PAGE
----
What is CRM?
You want to understand CRM — and we’re here to help.
Customer Relationship Management: A Complete Guide
In this guide, you’ll get a comprehensive overview of what CRM stands for, and how it’s used in sales, marketing, and customer support. We’ll answer all of your questions, and explain in simple language how this software tool can make your customers happier — while also boosting sales and productivity.
Feel free to skip around by clicking through the table of contents below:
- What does CRM stand for?
- What is CRM?
- What are the features of a CRM?
- What are the benefits of customer relationship management?
- What are some CRM examples?
- What is CRM in sales & marketing?
- What is CRM in customer service?
- How do you create a successful CRM strategy?
- How do you know your CRM system is effective?
- Try CRM for free
What does CRM stand for?
CRM stands for Customer Relationship Management. It’s an acronym you may see before words like “software,” “platform,” or “solution.”
But a simple CRM definition doesn’t explain the whole picture.
Customer relationship management technology allows you to develop and nurture meaningful customer relationships. This tool streamlines the way you track and utilize customer information. It serves as the source of truth for your business, capturing all interactions across sales, support, and marketing. And centralizing all that in one place. The benefits, of course, are that everyone is on the same page with a single view of the customer and visibility into their journey and the sales pipeline.
Nowadays, not even the most organized team can keep track of all the data that builds up during a customer’s experience with your organization. And if the ball is dropped at any point along the customer lifecycle, the customer can easily drop you.
That’s why a cohesive CRM system is so important for customer-obsessed businesses. By gathering, storing, and analyzing important customer metrics such as purchase history, behavior patterns, and personal preferences, your agents gain a deeper understanding of what makes your customers tick.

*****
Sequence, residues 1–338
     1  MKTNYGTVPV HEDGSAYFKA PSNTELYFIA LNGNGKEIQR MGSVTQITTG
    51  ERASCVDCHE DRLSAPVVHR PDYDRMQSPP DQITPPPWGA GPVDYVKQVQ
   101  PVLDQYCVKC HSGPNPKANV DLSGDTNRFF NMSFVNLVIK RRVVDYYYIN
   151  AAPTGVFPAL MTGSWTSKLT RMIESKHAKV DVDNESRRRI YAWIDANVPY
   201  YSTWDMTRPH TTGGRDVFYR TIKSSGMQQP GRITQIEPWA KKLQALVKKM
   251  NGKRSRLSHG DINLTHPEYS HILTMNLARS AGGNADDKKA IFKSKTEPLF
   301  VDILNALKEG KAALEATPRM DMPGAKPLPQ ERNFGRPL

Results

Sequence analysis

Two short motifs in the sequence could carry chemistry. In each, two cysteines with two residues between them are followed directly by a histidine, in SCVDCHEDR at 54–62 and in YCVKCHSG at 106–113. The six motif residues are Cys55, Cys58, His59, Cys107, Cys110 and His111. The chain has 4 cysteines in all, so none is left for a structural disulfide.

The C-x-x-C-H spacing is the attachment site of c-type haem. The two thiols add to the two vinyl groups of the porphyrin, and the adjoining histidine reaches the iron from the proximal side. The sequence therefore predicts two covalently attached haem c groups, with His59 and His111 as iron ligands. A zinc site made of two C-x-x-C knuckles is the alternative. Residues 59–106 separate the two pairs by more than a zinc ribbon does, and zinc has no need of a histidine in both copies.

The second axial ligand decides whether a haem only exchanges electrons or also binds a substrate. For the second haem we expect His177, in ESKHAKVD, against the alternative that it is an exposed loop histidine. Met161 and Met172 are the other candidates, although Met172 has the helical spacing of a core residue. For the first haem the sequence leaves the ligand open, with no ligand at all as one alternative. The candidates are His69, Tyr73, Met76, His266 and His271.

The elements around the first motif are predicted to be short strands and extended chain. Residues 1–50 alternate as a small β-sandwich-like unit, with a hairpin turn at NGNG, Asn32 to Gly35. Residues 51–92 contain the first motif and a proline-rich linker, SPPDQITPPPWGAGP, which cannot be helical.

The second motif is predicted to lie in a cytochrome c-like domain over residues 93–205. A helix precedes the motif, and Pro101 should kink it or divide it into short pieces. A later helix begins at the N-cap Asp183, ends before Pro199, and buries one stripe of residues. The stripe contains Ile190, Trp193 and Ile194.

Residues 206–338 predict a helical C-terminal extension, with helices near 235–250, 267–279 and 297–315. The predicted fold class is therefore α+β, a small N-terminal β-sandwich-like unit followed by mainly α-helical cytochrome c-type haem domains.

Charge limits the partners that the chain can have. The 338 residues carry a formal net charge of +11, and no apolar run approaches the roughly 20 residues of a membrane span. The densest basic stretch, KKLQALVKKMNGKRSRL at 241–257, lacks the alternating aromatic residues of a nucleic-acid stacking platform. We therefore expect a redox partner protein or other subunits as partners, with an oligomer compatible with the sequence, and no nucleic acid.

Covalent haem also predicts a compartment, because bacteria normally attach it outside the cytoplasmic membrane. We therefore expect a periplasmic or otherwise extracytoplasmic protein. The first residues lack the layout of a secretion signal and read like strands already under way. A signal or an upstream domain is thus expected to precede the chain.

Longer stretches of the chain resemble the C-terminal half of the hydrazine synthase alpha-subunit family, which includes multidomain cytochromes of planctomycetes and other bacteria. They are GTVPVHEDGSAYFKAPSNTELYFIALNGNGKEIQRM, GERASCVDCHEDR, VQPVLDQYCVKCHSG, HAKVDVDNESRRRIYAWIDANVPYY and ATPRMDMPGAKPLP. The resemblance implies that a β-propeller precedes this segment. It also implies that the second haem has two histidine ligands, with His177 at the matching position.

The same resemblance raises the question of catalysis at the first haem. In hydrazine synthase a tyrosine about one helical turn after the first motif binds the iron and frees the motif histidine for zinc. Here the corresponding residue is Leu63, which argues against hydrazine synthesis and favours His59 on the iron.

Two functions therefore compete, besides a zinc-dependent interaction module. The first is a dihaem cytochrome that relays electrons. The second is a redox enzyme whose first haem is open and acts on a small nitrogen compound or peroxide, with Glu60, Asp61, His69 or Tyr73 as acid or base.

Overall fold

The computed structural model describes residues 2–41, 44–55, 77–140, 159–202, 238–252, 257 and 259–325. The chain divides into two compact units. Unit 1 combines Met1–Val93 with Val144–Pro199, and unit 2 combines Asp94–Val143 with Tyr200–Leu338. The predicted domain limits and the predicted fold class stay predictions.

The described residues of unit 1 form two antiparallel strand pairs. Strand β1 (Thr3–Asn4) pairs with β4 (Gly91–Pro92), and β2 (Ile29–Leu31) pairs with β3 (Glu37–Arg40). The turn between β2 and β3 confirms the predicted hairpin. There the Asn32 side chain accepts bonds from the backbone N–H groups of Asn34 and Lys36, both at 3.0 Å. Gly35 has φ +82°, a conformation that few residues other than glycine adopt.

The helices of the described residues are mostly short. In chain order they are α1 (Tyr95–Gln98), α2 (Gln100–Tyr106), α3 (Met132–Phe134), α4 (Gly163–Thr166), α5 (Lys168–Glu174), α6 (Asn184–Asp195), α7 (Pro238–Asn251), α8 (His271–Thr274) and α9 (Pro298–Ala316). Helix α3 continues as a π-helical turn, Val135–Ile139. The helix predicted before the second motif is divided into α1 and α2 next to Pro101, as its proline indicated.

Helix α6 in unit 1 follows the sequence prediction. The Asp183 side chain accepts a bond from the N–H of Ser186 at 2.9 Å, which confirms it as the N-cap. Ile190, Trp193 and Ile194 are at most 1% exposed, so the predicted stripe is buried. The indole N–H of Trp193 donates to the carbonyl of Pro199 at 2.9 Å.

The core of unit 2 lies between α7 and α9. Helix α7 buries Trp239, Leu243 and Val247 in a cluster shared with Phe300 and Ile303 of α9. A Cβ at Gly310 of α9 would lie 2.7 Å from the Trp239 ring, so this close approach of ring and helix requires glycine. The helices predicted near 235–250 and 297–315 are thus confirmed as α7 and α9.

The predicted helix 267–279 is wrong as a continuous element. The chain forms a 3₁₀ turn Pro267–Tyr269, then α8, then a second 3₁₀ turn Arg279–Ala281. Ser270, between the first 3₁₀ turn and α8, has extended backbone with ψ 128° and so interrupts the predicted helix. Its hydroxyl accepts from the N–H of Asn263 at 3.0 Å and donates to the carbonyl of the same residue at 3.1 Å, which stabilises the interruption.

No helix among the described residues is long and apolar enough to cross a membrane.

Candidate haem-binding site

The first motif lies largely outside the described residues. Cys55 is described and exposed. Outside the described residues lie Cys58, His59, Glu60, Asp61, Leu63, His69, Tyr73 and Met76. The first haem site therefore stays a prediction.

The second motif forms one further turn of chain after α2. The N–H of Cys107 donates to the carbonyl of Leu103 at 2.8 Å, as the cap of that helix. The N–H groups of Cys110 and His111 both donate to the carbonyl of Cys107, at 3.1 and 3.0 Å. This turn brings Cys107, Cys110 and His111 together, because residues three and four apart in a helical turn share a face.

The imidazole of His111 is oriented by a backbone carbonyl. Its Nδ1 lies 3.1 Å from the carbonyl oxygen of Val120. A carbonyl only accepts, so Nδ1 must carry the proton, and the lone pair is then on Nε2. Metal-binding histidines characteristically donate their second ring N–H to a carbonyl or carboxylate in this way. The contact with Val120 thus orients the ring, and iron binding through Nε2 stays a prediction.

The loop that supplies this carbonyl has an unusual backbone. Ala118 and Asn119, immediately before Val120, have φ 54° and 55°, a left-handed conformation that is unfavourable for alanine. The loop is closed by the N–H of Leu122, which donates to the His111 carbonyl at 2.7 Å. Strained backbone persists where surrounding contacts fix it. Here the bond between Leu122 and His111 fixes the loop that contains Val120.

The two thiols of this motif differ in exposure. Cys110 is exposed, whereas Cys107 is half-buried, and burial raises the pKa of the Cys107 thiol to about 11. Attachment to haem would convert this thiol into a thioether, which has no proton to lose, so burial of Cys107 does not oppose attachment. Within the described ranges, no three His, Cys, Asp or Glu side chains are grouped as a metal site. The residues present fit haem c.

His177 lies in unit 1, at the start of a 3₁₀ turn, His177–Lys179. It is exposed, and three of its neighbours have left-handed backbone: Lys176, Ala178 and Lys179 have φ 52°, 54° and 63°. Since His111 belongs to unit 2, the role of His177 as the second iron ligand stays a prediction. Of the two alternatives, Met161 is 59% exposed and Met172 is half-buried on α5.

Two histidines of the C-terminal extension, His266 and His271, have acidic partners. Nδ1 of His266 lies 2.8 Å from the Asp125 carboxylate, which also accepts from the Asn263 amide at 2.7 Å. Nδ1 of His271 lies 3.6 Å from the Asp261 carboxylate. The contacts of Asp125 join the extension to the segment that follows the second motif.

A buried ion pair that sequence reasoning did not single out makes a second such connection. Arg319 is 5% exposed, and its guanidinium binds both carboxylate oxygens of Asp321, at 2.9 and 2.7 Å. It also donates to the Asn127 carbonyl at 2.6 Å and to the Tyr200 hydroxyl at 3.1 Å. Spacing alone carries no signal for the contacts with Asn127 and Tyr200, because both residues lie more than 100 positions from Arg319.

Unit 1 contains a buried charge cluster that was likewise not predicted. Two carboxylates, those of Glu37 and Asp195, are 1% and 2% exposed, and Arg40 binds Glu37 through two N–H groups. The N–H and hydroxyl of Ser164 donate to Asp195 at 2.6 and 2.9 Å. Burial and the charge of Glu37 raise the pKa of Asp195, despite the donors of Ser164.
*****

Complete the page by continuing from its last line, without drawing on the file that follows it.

Personalized, relevant, on-topic communication makes for satisfied customers. And satisfied customers are good for business.
What Is CRM?
At its most basic, CRM software acts as a contact management application. You can learn more about contact management software here. It’s a platform on which to store phone numbers, emails, social media handles, addresses, purchasing history, and even preferred methods of communication. Using all of this data, customer relationship management technology then prioritizes your leads, automatically setting you up to engage with the prospects who are most likely to bite.
Even when a touchpoint doesn’t lead to a sale, the software records every interaction across a range of channels. This frees up your reps from manual data entry and gives them lots of useful content that can be used to personalize future messaging.
It also comes with a host of automation possibilities, getting rid of much of the repetitive grunt work involved in marketing, sales, and customer support, and saving your team valuable time.
CRM systems filter all of these tasks and data through a centralized dashboard. With everything available in one place, departments can easily view and share up-to-date information. Dashboards can also be customized and integrated with other business and sales apps to suit your organization’s unique needs.
Ultimately, the goal of customer relationship management systems is to attract new customers and keep the ones you have happy. It’s a system of building and maintaining trust with the people who keep your business running and growing. And as an added bonus? It lets your agents ditch tedious and time-wasting tasks. Happiness all around.
What are the features of CRM?
If you think of it as a brain covering the entire customer journey, its features are the different neural pathways that all connect and lead back to a central processing center. Some pathways help with workflow and sales automation, others with reporting and analytics, others with call center solutions. Whatever your needs, its features allow individual departments to handle those highly specialized tasks with insight.
Let’s look at a few.
- Lead nurturing from lead management software lets sales reps cultivate and grow positive customer relationships through every stage of the sales funnel.